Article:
I've written before about the need for single-panel cartoons to create situations that are inherently amusing, as there is rarely enough space for a set-up followed by a punchline. And while there is a nominal set-up and punchline joke in this Off the Mark, the writing's real value is that it makes the absurd situation clearer. The situation is funny, but the labeling the writing provides is, in this instance, necessary.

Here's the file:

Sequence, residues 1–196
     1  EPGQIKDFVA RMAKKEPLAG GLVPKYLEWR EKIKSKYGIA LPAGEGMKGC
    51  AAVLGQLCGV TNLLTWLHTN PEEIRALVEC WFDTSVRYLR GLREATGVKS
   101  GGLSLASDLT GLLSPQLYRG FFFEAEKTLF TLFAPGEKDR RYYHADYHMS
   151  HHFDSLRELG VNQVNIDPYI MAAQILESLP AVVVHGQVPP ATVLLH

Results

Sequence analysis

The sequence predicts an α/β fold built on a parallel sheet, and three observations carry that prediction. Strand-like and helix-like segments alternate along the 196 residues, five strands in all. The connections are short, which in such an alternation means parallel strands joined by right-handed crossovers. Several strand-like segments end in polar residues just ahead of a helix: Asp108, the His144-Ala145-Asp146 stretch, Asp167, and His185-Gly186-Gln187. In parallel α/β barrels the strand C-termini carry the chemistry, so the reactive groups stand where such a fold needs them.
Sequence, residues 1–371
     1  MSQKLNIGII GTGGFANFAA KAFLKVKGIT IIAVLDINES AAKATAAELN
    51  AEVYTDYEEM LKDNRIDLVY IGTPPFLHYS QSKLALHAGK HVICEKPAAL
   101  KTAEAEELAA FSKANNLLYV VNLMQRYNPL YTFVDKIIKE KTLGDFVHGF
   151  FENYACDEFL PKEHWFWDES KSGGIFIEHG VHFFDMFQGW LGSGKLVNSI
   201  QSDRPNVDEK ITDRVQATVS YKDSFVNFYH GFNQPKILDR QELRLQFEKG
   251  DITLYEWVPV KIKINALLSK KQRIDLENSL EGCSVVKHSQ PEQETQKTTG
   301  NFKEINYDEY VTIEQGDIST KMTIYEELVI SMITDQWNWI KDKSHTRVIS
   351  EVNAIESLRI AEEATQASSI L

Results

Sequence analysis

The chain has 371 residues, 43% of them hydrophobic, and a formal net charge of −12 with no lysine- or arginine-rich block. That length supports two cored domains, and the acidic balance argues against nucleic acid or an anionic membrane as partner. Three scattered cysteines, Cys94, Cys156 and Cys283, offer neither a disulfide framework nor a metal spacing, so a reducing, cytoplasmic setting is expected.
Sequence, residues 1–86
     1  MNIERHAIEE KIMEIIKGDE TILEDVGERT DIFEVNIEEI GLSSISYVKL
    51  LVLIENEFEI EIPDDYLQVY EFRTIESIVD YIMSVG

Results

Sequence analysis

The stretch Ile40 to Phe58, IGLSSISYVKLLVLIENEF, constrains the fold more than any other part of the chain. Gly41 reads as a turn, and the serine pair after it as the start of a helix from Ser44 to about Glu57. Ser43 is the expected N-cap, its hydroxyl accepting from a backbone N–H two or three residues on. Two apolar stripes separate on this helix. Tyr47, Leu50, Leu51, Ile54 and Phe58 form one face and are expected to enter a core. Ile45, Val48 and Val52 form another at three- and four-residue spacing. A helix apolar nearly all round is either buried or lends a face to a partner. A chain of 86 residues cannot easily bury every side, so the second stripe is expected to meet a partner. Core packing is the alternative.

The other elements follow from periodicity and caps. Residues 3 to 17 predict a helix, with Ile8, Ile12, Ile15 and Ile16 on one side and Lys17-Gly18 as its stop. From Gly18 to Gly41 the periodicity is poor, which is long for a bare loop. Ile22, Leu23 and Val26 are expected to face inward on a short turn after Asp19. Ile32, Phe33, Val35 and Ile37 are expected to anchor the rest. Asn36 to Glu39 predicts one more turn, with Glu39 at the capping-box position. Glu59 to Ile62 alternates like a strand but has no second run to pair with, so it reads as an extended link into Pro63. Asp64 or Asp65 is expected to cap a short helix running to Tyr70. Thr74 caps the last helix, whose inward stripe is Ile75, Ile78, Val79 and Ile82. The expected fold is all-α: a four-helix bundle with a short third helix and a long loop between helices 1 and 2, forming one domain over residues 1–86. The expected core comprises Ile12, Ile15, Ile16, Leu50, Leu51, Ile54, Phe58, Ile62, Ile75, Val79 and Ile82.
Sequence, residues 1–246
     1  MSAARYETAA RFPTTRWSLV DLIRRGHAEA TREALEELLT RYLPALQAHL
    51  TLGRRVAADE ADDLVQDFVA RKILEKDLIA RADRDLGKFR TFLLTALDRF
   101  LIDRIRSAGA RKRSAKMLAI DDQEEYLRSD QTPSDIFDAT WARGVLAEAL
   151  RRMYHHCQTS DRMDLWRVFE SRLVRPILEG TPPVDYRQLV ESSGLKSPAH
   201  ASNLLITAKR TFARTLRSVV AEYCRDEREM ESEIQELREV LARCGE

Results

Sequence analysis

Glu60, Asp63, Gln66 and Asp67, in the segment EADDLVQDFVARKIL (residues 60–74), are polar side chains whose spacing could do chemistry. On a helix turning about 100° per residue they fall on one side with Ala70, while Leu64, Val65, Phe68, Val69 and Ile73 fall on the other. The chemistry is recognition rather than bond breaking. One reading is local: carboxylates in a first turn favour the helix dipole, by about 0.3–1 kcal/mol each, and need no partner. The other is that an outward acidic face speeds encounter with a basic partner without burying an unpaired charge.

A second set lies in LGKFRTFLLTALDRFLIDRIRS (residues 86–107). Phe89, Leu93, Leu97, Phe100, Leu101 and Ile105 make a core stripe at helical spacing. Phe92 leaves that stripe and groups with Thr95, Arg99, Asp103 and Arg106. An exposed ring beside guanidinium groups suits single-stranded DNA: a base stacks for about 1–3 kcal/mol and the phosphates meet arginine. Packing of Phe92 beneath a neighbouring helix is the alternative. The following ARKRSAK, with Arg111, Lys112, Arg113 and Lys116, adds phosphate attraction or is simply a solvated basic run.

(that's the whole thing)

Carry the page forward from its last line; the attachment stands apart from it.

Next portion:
This cartoon also has the advantage of having a well-known set of characters to play off. Most single-panels have to make do without any established characterization, which makes it both more difficult and more important to create an amusing situation.